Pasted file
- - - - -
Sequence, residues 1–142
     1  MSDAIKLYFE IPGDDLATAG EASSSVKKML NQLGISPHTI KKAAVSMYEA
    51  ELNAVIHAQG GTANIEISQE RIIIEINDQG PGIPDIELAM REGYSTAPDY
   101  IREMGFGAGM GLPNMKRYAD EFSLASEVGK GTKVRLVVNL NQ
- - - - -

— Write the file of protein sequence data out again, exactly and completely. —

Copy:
Sequence, residues 1–142
     1  MSDAIKLYFE IPGDDLATAG EASSSVKKML NQLGISPHTI KKAAVSMYEA
    51  ELNAVIHAQG GTANIEISQE RIIIEINDQG PGIPDIELAM REGYSTAPDY
   101  IREMGFGAGM GLPNMKRYAD EFSLASEVGK GTKVRLVVNL NQ